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Drop Box

Here is a task for you. Go to Google, Bing or your preferred search engine, and enter the following search term into the search box at the top: site:http://www.dropbox.com/gallery/

What’s the result? Right, 25k of unprotected Dropbox photo galleries. You can click on any of the links to see the contents of the selected gallery or folder right in your web browser.

Even better, you can combine the default search with additional parameters, e.g. wallpapers, to find themed photos on Dropbox.

Second task. Search for site:http://www.dropbox.com/s/ or site:http://dl.dropbox.com/ and let me know what you find. Right, another batch of public folders hosted on Dropbox, again with the possibility to combine the standard search phrase with custom keywords for filtered results.

I’d assume that at least some of Dropbox’s users do not know that their photos and data may be publicly accessible on the Internet. You see, the Dropbox photo folder is public by design. The Dropbox help explains:

The Photos folder automatically creates online galleries. Any image files you move or copy to your Photos folder are automatically included in an online gallery anyone can view from the Dropbox website. People can download the photos or view them as a slideshow. Because you don’t have to deal with uploaders or uploading files through a website one by one, the Photos folder is the easiest way to make your images accessible online.

If you use the Dropbox photo folder for your pictures, you make them accessible for anyone, which includes search engine bots. The only option for you is to store the photos in a different folder to block this from happening. For that, you need to create a new photo folder in your Dropbox structure and use that folder from then on to store your images. The gallery feature however is not available in that new folder which means that other Dropbox users that you share the url with will not be able to see the photos in a gallery in their web browser.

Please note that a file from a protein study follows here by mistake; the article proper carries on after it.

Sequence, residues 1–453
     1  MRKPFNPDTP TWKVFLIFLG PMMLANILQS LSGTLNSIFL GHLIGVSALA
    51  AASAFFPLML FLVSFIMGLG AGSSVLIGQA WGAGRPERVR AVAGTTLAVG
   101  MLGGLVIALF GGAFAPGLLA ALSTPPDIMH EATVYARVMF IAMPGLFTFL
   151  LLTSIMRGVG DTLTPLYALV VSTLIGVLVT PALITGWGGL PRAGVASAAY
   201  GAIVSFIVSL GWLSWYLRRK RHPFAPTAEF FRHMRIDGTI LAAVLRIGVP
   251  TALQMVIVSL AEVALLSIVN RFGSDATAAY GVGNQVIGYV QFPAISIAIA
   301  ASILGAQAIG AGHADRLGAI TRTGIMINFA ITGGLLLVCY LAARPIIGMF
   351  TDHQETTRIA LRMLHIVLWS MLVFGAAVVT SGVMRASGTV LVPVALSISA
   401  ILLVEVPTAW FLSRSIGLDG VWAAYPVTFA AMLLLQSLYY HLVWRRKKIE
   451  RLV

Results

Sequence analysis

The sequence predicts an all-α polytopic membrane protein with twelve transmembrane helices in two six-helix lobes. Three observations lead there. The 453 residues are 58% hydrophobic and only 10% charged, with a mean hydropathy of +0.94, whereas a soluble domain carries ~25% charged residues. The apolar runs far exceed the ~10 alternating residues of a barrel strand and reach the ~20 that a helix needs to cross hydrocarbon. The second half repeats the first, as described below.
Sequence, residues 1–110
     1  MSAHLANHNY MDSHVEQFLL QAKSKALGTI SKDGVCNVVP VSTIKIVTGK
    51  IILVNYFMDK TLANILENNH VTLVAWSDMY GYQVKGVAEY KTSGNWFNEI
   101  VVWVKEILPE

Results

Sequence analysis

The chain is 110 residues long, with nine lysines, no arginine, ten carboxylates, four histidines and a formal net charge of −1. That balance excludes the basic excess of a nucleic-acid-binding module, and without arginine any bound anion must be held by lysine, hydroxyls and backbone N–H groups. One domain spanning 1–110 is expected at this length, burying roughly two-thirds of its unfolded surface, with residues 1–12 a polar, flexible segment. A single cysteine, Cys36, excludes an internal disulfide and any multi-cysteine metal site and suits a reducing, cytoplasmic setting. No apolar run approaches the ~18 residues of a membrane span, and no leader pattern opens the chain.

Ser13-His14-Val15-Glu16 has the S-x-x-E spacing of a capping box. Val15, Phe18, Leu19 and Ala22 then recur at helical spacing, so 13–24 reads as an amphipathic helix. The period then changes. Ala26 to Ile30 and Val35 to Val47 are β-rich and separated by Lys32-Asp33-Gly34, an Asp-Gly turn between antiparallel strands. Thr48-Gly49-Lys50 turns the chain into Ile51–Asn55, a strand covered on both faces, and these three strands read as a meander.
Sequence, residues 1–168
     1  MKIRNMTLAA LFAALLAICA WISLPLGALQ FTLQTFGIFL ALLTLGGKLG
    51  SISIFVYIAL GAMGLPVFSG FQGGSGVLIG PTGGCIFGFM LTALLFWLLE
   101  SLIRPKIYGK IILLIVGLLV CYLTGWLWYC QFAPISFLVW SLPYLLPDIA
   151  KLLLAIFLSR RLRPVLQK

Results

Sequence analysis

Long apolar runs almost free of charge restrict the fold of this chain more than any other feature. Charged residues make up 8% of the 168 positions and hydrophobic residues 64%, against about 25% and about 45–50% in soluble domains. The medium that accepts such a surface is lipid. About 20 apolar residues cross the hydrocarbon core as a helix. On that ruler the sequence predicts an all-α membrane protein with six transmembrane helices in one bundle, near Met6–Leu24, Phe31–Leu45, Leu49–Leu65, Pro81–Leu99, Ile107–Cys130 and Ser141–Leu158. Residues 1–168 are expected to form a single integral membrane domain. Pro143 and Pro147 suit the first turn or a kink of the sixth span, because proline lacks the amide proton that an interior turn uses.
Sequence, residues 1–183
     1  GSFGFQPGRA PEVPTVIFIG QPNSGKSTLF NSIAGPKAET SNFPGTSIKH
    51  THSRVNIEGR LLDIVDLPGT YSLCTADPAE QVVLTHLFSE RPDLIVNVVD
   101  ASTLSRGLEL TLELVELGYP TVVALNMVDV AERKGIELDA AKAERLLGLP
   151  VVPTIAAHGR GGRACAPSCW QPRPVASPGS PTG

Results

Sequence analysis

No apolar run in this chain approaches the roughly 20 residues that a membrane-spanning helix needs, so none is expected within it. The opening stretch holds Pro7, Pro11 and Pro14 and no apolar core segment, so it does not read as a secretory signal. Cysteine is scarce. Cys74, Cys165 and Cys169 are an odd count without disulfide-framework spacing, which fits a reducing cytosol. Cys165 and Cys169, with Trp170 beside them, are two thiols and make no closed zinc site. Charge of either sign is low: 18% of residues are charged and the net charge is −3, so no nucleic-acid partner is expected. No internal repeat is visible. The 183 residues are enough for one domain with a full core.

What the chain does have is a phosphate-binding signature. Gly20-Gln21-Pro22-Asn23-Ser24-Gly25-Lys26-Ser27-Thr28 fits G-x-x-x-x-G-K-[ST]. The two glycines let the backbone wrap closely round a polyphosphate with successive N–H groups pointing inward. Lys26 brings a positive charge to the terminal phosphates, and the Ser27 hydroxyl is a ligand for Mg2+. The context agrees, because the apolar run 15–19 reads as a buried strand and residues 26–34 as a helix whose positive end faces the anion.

Two folders are public by default. The photo folder and the Public folder. If you copy files into either one, you make them accessible for everyone.

You can share additional folders which are then however only accessible by users that you specify during creation.

Dropbox users may want to check their public folders to make sure that the data stored inside should indeed be public. You can move the data out of the public folders if that is not the case

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Facebook has announced that it will share the design secrets behind its new energy-efficient data centre with rival companies. The social network’s facility in Prineville, Oregon is said to use 38% less power than existing centres.
It hopes, by making the innovations public, to cut the amount of electricity the industry consumes. Despite Facebook’s advances, some environmental groups have criticised the firm over its green credentials.
Working under the title Open Compute Project, Facebook will release specifications and mechanical drawings of the building and its servers. “It’s time to stop treating data centres like Fight Club [do not talk about them],” said Jonathan Heiliger, the company’s vice president of technical operations. His comments are likely to be interpreted as a dig at other web firms, such as Google, Twitter and Amazon which have kept their own designs under wraps.

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